PhysicoChemical Correlations

The principle of the stability of a chemical substance is a set of qualititaive regularities according to which the relatively low chemical (ch) thermodynamic stability of a compound in a state of ideal gas or solution () causes relatively high supramolecular (intermolecular, im) thermodynamic stability of condensed phases formed by that compound (). Conversely, the higher the chemical thermodynamic stability of a substance, the lower its supramolecular thermodynaic stability in a condensed state. This regularity can be expressed through values of DH_{comb} , DH_{form }and other functions.
The principle was applied by the author to various hierarchies as part of the theory of the evolution of life. It is in agreement with the principle of structural stabilization.
The principle of the stability of a chemical substance can be applied with a number of qualifications to multicomponent systems ( Figures 4 and 7) and reflects the tendency of atoms of different elements to condense around other atoms through chemical and nonchemical (intermolecular, im) ties. The above regularities can be identified for isoatomic substances, several homologous series, lyophilic, lyophobic and biophilic chemical compounds by building the folowing dependencies:
,
,
where ,  coeffcients and the subscript j relates to the substance.
The available data demonstrate that the above relationships cover most simple substances soluble in water.
Precise mathematical formulation of the principle may be impeded, because the measurement of the absolute values of thermodynaic functions is not possible.
Principle of structure stabilisation  the principle stating that in hierarchic systems each higherlevel partial evolution or, in other words, higher ith partial process, which is a component of the general evolution  the process of hierarchic structure formation  stabilises, due to the aggregation, the products of the lower partial evolution, or (i1)th partial process. For instance, in a nonstationary open system where various chemical reactions and other processes take place, structure stabilization “chooses” supramolecular structures that are most stable thermodynamically.
The principle of stability of supramolecular structures of biological mass
The biological systems that I have been discussing are apparently governed by the principle of stabilization of chemical substance. The gist of that principle can be generally stated as follows: during the formation of the more stable structures of a higher hierarchical level (j) i.e., supramolecular structure, nature spontaneously predominantly uses the least stable structures of a lower hierarchical level, i.e., molecular (j1).
The schema illustrates that principle.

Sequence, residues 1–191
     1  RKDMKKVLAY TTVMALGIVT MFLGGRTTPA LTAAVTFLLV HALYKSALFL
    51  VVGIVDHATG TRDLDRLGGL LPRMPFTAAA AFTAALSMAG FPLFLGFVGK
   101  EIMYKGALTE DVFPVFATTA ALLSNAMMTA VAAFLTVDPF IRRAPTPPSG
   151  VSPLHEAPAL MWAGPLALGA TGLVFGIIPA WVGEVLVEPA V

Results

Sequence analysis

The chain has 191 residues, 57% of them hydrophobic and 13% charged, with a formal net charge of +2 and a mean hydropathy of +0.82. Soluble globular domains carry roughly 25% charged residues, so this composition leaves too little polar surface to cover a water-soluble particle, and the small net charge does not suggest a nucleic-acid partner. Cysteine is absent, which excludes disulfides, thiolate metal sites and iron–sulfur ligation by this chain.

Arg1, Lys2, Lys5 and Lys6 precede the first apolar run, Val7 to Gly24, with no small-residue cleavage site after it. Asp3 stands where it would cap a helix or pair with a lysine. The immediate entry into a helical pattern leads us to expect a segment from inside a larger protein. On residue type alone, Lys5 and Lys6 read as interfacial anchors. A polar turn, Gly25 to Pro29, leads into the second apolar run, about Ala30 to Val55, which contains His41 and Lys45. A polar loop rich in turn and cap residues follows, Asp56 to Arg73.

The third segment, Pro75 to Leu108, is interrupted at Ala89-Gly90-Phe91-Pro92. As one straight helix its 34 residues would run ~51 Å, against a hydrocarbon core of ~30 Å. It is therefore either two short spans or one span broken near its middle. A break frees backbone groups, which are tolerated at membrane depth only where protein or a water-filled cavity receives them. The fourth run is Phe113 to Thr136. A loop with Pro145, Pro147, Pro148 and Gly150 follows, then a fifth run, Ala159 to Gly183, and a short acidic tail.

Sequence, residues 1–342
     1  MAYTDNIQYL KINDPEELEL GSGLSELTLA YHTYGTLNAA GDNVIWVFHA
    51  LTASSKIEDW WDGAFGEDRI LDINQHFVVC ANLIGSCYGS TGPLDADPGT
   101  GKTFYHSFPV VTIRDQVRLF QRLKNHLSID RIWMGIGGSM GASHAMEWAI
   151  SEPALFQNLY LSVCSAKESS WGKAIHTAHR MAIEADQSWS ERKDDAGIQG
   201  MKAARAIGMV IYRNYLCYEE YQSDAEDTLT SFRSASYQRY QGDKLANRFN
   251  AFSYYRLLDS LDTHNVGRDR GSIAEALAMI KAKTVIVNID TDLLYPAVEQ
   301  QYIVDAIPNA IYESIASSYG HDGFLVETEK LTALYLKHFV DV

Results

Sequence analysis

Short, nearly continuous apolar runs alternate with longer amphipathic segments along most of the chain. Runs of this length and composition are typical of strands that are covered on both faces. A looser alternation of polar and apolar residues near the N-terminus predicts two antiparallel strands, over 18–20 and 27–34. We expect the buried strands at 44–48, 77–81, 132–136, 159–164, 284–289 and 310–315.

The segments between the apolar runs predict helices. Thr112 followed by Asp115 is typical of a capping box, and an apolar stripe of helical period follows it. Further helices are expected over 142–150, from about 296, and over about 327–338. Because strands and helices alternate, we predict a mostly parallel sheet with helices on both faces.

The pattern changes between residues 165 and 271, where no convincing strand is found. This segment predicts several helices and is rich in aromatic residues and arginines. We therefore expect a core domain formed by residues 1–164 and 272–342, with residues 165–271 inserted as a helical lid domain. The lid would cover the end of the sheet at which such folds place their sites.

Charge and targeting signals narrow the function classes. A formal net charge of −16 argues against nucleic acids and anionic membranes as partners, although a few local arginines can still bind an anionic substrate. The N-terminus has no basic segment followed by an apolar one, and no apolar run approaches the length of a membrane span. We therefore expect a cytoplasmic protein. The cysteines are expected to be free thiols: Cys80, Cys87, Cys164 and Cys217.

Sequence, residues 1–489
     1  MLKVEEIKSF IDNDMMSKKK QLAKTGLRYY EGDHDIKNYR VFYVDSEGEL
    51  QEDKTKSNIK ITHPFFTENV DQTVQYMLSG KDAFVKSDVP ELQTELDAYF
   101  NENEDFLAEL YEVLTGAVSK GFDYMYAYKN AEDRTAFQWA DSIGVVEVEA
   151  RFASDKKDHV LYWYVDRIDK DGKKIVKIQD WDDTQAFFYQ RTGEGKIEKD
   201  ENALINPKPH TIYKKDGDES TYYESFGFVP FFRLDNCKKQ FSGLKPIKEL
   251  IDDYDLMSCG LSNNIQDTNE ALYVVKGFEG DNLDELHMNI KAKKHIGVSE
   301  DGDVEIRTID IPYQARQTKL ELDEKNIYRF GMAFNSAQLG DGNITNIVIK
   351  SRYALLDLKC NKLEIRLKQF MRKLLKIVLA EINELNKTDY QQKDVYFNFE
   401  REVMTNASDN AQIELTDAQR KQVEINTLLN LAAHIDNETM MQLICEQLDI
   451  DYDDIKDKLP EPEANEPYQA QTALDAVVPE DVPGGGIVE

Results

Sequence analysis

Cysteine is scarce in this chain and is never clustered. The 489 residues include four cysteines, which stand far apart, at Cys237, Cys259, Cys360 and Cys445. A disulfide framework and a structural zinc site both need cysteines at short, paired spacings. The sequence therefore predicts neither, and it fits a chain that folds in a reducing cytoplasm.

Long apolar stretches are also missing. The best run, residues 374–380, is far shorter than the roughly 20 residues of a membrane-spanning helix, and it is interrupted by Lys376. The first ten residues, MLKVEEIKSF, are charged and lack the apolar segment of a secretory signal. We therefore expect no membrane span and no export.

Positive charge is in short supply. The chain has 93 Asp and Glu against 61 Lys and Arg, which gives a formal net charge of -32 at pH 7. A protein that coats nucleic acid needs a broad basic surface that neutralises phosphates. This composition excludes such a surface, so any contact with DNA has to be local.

Molecular and Supramolecular Thermal Stability (Molecules of Life)
Gases and Water  H_{2}, N_{2 }, O_{2},CO_{2}, H_{2}O
T_{mol.decay}

3000–1000 K

High molecular stability

T_{melting}

20–273 K

Low supramolecular stability

Tissues  Fats (Lipids), Proteins, Proteids, Sugars, RNA, DNA
T_{mol.decay}

320 – 380 K

Low molecular stability

T_{melting}

273 – 383 K

High supramolecular stability

For instance, the molecularly (chemically) stable substances such as H_{2 }, N_{2 }, O_{2 }, CO_{2 }, H_{2}O have relatively low melting and boiling points that indicates the low thermodynamic stability of their condensed phases. On the other hand, such energyintensive substances (with low molecular thermodynamic stability) as sugars, peptides, nucleic acids melt at relatively high temperatures and decompose during melting and “boiling”. The aggregated phases of these substances are highly stable!
The principle defined here is in agreement with the experimental data and calculations done for the Gibbs  Helmholtz equation:
(4)
where is an averaged measure of the stability of supramolecular structure,  specific enthalpy (variation of specific enthalpy) of melting  denaturation
(), T_{o } standard temperature, i.e., 25 ^{0}С,  melting point of ith substance, and  variation of specific heat during melting.
It is very important to bear in mind that the principle of the stability of chemical substance is a thermodynamic principle. According to it the tendency of biological system during evolution (ontogenesis and phylogenesis) to generate relatively highly stable structures of higher hierarchies lead to the selection of relatively less stable structures of lower hierarchies. That evolutionary tendency of the biological system “rejuvenates” the lower hierarchical structures and causes unbounded evolution of the biological world.
Thermodynamic stability of supramolecular structures and melting points.
(From the Book: "Thermodynamic Theory of the Evolution of Living Beings")